Every day, it seems I come across a new article on how the tech world is struggling to bring diversity to its homogeneous community. It’s an issue that has led companies like Google, Apple and Intel to committing a combined $400M towards creating more opportunities for women and minorities. From the outside looking in, this sounds great. However, the closer you get to the problem, the clearer it becomes that the solution requires much more than corporate earmarking.
The fact is that there are simply not as many women and minority engineers as white male engineers. The makeup of tech companies today is not a symbol of prejudice as much as it is a reflection of the talent that is “readily” available. Yes, I know there are more minority computer science graduates than are employed. However, that is a broader illustration of just how difficult it is to land a job directly upon graduation these days, as well as the incredible competition that tech talent faces.
The fact is most tech companies employ the same strategies they use for sourcing traditional engineers as they do with reaching the smaller subset of women and minority engineers. The strategy dujour seems to be throwing money at the problem, forming public initiatives and campaigns that merely project a desire to hire "under-represented groups". In reality though, the results are underwhelming.
I call this the “hands-off approach” to sourcing diverse Science, Technology, Engineering, and Math (STEM) candidates. It aligns with the findings of a recent SHRM report, which found one-fifth of human resource executives working for Fortune 1000 companies have very informal and non-structured diversity efforts.
If any of these characteristics look familiar, the likelihood is your company is employing this hands-off approach:
- Company spends money on marketing itself as an organization that cares about diversity and inclusion.
- Company spends more money on donating to scholarships and any other cause that aligns your organization with diversity.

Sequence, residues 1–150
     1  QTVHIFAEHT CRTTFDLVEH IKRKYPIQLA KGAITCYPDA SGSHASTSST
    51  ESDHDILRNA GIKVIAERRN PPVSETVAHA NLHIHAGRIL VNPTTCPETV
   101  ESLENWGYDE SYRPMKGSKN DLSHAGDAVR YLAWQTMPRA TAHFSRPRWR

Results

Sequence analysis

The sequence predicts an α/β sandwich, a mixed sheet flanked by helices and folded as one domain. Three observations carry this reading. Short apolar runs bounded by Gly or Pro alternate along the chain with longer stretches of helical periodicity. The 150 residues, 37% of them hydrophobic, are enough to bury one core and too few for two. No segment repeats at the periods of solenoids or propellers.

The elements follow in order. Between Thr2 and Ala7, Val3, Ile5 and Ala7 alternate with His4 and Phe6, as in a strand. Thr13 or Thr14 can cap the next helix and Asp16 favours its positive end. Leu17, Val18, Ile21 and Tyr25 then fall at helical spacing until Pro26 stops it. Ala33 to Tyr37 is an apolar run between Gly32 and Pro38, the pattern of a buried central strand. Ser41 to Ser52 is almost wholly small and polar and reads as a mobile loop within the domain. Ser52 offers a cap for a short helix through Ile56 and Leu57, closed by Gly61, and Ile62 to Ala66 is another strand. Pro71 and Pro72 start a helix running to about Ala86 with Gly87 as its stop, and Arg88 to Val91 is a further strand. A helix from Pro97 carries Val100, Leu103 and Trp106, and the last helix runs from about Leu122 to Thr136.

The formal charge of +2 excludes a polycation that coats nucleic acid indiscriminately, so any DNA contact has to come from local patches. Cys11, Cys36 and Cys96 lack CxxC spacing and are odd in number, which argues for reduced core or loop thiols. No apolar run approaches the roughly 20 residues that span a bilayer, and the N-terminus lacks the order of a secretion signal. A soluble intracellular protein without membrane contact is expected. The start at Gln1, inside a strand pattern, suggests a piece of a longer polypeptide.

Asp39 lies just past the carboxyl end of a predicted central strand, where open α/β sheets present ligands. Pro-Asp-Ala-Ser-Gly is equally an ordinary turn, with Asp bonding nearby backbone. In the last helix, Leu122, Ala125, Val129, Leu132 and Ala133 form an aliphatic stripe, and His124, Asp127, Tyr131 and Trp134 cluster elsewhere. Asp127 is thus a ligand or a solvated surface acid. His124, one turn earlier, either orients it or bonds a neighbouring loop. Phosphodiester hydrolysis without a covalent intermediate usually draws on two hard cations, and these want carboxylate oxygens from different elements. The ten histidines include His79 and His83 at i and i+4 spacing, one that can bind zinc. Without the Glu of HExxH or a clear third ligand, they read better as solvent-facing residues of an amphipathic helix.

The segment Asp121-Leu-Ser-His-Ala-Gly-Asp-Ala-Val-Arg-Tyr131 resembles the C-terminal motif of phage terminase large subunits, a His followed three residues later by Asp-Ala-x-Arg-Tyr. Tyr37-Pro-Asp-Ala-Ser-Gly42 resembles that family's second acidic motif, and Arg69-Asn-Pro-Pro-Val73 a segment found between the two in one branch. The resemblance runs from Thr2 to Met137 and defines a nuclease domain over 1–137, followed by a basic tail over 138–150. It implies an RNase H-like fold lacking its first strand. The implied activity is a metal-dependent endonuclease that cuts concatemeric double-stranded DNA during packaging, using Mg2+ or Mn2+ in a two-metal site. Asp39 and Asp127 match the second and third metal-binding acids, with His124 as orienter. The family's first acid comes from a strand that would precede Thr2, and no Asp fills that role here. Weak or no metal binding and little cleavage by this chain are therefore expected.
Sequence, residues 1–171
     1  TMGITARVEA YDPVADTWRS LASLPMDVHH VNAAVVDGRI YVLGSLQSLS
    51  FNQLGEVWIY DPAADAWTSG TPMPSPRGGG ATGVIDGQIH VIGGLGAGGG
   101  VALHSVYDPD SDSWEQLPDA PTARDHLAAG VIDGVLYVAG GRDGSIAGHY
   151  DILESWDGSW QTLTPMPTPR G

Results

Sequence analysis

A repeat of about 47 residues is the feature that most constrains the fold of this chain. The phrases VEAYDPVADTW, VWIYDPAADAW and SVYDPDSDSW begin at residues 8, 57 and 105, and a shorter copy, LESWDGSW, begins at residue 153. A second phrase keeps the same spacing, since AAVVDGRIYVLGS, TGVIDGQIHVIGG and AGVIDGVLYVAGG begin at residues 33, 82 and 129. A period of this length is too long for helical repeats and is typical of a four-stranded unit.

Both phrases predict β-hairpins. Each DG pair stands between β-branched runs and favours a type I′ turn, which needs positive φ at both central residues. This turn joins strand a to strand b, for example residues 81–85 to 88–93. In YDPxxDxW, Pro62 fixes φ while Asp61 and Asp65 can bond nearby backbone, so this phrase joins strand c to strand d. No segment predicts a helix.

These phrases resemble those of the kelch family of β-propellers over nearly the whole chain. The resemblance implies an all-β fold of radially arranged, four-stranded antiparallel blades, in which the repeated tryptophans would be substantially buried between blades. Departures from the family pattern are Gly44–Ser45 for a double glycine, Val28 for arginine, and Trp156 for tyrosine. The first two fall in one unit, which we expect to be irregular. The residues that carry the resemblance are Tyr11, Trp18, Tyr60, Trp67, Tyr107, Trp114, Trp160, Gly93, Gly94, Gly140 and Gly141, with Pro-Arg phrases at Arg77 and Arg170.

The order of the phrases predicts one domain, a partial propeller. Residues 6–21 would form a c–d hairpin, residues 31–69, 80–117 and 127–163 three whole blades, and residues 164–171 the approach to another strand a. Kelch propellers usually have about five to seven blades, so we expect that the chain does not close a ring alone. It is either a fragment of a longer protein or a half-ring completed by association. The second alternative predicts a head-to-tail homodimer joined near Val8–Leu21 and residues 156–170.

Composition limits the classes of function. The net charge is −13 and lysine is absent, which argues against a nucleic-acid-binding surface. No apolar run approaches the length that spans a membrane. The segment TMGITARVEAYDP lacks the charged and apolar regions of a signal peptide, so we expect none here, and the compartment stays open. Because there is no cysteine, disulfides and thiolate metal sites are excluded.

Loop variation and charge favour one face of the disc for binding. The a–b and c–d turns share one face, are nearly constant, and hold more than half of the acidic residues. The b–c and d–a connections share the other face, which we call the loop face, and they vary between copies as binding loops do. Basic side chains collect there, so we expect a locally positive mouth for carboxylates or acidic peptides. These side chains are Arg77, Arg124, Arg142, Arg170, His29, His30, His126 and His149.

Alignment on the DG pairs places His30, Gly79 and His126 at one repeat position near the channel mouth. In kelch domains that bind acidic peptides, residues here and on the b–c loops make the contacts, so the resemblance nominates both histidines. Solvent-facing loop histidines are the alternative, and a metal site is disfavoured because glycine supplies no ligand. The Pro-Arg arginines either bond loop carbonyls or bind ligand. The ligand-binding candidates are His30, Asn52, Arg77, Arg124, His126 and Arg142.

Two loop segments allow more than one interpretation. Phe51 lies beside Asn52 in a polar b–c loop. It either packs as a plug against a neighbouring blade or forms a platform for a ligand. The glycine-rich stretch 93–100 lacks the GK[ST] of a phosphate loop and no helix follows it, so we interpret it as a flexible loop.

- Company spends even more money to access to a boatload of resumes from diverse candidates.
- Company hires a minority to be the face of your diversity and inclusion strategy.
- Company sits back and crosses their fingers that somehow more women and minorities will find your company.
A company that is truly committed to attracting women and minorities isn’t spending a lot of time on announcements or marketing. They’re immersing themselves in the communities and campuses where young women and minority talent is being groomed. They’re actually going out and meeting with talent before they even think about those the two daunting words that every graduate loathes: “job search”.
Here are four ways leading-edge recruiters can build real engagements, connections and relationships with young women and minorities to address the imbalance in technical talent supply.
More Handshakes and Smiles On Campus
The aforementioned SHRM report also found that the reason many recruiters don't have a formal diversity effort in place is due to a lack of time. More than 40 percent of respondents noted that they’re just “too busy”. My suggestion would be to make time and start taking on the role of politician. Afterall, we’re not just talking about the public perception of your business or organization -- diversity is a powerful weapon in the battle of groupthink and naturally brings more innovation to the table.
This starts with feet on the street, or in this case, feet on campus. With one career service rep for every 2,672 students on the typical campus, diverse student bases aren’t getting a lot of personalized direction as they start their career journey. Meanwhile, companies are spending nearly $950M annually on college recruiting that often amounts to little more than a booth at a sparsely attended career fair.